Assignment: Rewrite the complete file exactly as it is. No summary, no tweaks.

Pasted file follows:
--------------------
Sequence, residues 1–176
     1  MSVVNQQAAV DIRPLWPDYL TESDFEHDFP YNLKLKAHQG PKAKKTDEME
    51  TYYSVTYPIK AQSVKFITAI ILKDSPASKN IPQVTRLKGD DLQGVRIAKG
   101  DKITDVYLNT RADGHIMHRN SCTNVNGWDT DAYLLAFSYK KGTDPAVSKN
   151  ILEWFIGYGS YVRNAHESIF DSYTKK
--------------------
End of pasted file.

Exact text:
Sequence, residues 1–176
     1  MSVVNQQAAV DIRPLWPDYL TESDFEHDFP YNLKLKAHQG PKAKKTDEME
    51  TYYSVTYPIK AQSVKFITAI ILKDSPASKN IPQVTRLKGD DLQGVRIAKG
   101  DKITDVYLNT RADGHIMHRN SCTNVNGWDT DAYLLAFSYK KGTDPAVSKN
   151  ILEWFIGYGS YVRNAHESIF DSYTKK